SWIFT (Society for Worldwide Interbank Financial Telecommunication) transfers are very expensive. They cost upwards of $20 in fees and average around $30.
Additionally, if you’re using a fiat currency other than those supported by the exchange, the banks will charge an extra foreign exchange conversion fee and percentage on the transfer.
By contrast, Tether charges zero transaction fees between Tether wallets.
Cryptocurrencies are notorious for being volatile, and trading one volatile currency for another creates a great deal of complication and extra risk. That’s why a stable base currency is extremely useful.
- You convert BTC to buy ETH
- ETH rises by 10%.
- You wish to make a profit and sell your ETH for BTC.
- While the trade is being processed, Bitcoin shockingly falls by 15%
Despite being correct about ETH’s direction, you would take a loss, due to the fall of BTC. By using USD₮, your sole concern is the price of Ethereum.
Staying on the Sidelines
Frequently, the best position to take in a market is no position at all. Let’s say you feel that a certain cryptocurrency price, which you own, is unsustainably high. Your best move, in this case, would be to cash out, then wait for a dip or crash to buy back in.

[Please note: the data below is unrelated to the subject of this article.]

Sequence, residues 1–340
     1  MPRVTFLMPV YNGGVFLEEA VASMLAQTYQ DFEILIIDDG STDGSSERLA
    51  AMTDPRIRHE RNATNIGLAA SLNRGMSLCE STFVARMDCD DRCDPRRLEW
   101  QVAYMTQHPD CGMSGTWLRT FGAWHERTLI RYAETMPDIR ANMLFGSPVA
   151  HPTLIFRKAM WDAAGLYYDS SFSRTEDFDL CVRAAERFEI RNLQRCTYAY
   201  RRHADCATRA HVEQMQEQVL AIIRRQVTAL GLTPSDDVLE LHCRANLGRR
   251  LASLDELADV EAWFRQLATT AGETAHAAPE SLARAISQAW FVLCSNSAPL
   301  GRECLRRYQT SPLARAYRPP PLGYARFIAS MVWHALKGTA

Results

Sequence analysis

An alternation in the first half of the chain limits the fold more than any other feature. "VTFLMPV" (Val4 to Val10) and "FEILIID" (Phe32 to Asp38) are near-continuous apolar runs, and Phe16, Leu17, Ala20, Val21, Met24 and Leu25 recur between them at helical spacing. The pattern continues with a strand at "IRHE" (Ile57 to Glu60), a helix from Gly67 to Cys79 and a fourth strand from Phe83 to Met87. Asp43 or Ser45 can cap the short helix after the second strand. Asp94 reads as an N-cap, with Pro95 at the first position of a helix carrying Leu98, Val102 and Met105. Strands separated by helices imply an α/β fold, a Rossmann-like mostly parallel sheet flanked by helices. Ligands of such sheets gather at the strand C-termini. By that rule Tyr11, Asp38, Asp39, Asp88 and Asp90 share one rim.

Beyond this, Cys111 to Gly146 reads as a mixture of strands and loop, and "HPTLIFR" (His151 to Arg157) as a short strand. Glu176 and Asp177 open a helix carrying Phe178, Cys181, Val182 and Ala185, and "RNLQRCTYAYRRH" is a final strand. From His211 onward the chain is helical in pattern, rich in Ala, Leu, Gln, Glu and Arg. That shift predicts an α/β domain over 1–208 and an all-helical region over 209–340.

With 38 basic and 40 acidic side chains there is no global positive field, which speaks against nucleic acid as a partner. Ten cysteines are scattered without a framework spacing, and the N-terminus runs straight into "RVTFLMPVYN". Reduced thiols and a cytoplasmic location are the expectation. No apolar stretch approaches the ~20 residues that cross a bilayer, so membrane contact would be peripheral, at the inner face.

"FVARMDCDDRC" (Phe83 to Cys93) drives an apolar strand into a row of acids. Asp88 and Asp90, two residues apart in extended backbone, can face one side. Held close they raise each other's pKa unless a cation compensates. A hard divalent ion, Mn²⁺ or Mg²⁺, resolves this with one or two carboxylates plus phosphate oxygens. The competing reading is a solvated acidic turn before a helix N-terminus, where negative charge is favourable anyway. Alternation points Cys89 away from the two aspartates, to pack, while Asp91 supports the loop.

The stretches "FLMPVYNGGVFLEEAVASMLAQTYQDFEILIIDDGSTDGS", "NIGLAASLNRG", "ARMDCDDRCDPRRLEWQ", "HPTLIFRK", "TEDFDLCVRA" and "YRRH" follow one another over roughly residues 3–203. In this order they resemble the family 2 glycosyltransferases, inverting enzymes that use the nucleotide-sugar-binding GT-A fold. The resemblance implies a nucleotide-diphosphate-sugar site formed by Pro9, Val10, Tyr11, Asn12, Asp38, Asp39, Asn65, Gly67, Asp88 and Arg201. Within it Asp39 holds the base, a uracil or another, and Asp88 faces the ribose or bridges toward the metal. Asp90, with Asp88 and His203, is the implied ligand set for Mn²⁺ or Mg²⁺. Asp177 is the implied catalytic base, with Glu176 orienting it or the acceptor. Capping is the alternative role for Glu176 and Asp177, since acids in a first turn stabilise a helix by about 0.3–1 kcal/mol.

The most secure way to keep your USDT safe would be in a hardware wallet. A hardware wallet keeps your coins offline making them impossible to steal unless someone gains physical access to the wallet.
Ledger has two wallet models that support Tether and over 1000 additional cryptocurrency assets. The Model S and Model X both offer USDT support, the main difference being that the Model X can be controlled from your mobile phone as well.
You can read my complete Ledger Nano X review here.
TREZOR is another hardware wallet manufacturer that supports Tether. There are two models available from TREZOR – the TREZOR One and the TREZOR Model T. The Model T is the newer model featuring a touch screen.
TREZOR wallets are compatible with desktops only. You can my complete TREZOR Model T review here.
Coinomi is a multicurrency, multiplatform software wallet that allows you to store over 1,500 cryptocurrency assets including USDT. The wallet is user friendly, with a built-in exchange function so you can exchange your current holding into USDT and back.
Coinomi is available for iOS, Android, Windows, Mac, and Linux. You can read my complete Coinomi review here.